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Concepts of Diagnosis of Sports Injuries

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Concepts of Diagnosis of Sports Injuries Site of injury Truism If you hear hoof beats don t think zebras You better eliminate the zebras first: Dolbin – PowerPoint PPT presentation

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Title: Concepts of Diagnosis of Sports Injuries


1
Concepts of Diagnosis of Sports Injuries
Site of injury
Truism
  • If you hear hoof beats dont think zebras
  • You better eliminate the zebras first Dolbin

2
Priorities
  • The best things in life are not things
  • Harry Bertsch
  • Hermy Bavier
  • Ron Boris
  • Amanda Driscoll
  • Josh Bertsch
  • Dad

Ron Boris
3
Concepts of Diagnosis of Sports Injuries
Cause as it relates to exceeding the tensile
strength of the tissue
Fracture dislocation
4
Concepts of Diagnosis of Sports Injuries
Biomechanical concepts of causation
Motion deficits as major causative factor
  • If dysfunction alters the efficiency of the
    musculoskeletal system, there is an increase
    demand for energy. Not only for increased
    activity but for normal activity.
  • Increase demands on the cardiovascular system

5
Observation
  • Where observation is concerned, chance favors
    only the prepared mind. Louis Pasteur

Evaluation of the Kinetic Chain
  • Lower limb Ankles, Knees, and hips
  • Upper limb Core Stability, Endurance, Balance,
    Range of Motion
  • Scapula Stability, Rhythm
  • Shoulder Clinical examination

6
Concepts of inflammation and repair
Inflammation
Tissues respond to injury with a set of
genetically programmed mechanisms to replace the
damaged components and to restore normal function.
7
Inflammation and Repair
  • Cardinal signs of inflammation
  • Heat
  • Swelling
  • Pain
  • Redness
  • Loss of Function
  • Two types of Inflammation
  • Acute
  • Chronic

Chronic Inflammation
Acute Inflammation
8
Inflammation and Repair
Acute Inflammation
  • Characterized by the release of chemical
    mediators by mast cells,platelets and basophils
    at the site of the injury.
  • Vasoactive mediators regulate the vascular
    response to the injury and affect the recruitment
    of PMNs from the vascular component.
  • These in turn produce chemotactic factors that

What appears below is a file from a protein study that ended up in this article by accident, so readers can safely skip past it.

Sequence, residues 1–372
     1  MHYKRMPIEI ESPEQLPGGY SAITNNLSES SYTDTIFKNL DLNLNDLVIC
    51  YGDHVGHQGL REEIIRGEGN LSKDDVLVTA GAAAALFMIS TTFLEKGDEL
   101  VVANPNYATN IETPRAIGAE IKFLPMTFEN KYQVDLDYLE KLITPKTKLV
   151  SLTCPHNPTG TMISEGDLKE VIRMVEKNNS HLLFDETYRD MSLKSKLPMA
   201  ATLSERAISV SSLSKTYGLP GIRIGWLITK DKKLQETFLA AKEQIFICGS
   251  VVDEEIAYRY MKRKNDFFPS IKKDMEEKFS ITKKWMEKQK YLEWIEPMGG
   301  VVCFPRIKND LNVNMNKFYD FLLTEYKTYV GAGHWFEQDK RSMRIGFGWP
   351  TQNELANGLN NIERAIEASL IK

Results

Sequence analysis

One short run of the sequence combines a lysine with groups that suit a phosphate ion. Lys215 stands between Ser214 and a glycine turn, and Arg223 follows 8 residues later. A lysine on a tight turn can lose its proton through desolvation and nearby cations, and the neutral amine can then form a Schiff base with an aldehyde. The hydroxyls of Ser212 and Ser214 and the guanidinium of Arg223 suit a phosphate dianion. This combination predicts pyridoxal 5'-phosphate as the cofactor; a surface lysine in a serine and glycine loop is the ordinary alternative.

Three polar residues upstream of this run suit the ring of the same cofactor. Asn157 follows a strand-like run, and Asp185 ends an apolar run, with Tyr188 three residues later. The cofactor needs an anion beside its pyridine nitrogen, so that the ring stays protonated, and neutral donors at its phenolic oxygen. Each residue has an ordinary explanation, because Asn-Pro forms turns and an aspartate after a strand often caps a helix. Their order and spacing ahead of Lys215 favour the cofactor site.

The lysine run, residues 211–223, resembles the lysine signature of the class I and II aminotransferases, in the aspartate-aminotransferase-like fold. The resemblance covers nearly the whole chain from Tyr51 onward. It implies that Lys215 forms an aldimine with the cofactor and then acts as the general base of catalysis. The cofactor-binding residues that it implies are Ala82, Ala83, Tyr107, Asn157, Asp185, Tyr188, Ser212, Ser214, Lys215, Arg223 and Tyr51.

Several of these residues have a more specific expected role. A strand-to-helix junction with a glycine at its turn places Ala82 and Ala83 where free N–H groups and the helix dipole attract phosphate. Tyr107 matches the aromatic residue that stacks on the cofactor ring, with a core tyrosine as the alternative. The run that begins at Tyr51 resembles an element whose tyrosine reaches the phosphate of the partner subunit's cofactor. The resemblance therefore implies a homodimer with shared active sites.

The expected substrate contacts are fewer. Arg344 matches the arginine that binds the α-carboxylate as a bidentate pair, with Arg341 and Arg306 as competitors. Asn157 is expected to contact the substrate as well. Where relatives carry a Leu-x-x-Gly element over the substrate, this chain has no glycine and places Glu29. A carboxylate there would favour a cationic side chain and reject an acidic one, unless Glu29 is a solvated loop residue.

control the damage and remove debris by
    phagocytosis.
  • Granulation Tissue
  • Lead to the restoration of the vascular supply
    and connective tissue matrix.
  • Chronic Inflammation is the result of unresolved
    acute inflammation

In the case of sports related injuries removal of
the trauma and successful management of the
injury may result in the reduction of fibrosis
and restoration of normal function.
9
Inflammation and Repair
  • Repair
  • The repair phase of healing ideally result in the
    restoration of normal living tissue.
  • Repair by regeneration of injured tissue
  • Repair by second intention is characterized by
    the formation of scar tissue at the site of the
    injury.
  • Remodeling and Maturation
  • Process begins about 6 days after the fibroblasts
    begin to lay down collagen tissue.
  • Collagen is laid down randomly initially
  • Depends on the appropriate mechanical loading.
  • The hallmark of remodeling is the orientation of
    new fibers

10
Inflammation and Repair
  • Immobilization of a healing wound has been shown
    to compromise wound strength as a result of the
    failure of collagen to be oriented along lines of
    stress.
  • Mobilization and loading has been shown to result
    in stronger healed tissue.
  • Time Frame of Healing
  • Inflammation Phase is relatively brief. 24-48
    hours.
  • Proliferative Phase 3-7 days after the injury
  • Repair Phase Few days to a few weeks
  • Remodeling Phase Several months and may continue
    up to 12 months.

11
Inflammation and Repair
  • Repair Mechanisms in Soft Tissue Injuries
  • Muscle Tissue
  • Healing of skeletal muscle is dependent on the
    integrity of the vascular system and nervous
    system
  • Has considerable regenerative properties
  • Both regeneration and repair by scar tissue.
  • Capacity for regeneration is determined
    genetically but the success is determined
    primarily by the extent and type of injury.
  • Except for injuries in which the continuity of
    the muscle fiber is preserved, and the
    innervation, vascularity and extracellular matrix
    muscle will regenerate with a loss of normal
    tissue architecture and function.
  • Most muscle injuries are a result of exceeding
    the tensile strength of the tissue and are
    labeled indirect muscle injury.

12
Inflammation and Repair
  • Muscle Strain Injuries
  • Consists of a partial or complete tear at or near
    the musculotendinous junction.
  • When the force is sufficiently high the tendon
    has been shown to avulse from the muscle with
    only a few fibers left intact.
  • The greater the amount of injured tissue involved
    the more scar tissue with be deposited at the
    sight of the wound.
  • Ischemia- Induced Muscle Damage
  • Usually seen in compartment syndromes. Results
    from damage to vessels causing ischemic injury.
  • Seen in exhaustive endurance activities.
  • Extent of the injury is proportional to the